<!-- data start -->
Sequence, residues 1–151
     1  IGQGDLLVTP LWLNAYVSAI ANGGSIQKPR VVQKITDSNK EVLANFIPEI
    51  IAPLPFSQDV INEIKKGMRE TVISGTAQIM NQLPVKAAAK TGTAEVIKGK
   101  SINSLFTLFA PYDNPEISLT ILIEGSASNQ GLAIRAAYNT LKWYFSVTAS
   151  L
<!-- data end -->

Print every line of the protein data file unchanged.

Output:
Sequence, residues 1–151
     1  IGQGDLLVTP LWLNAYVSAI ANGGSIQKPR VVQKITDSNK EVLANFIPEI
    51  IAPLPFSQDV INEIKKGMRE TVISGTAQIM NQLPVKAAAK TGTAEVIKGK
   101  SINSLFTLFA PYDNPEISLT ILIEGSASNQ GLAIRAAYNT LKWYFSVTAS
   151  L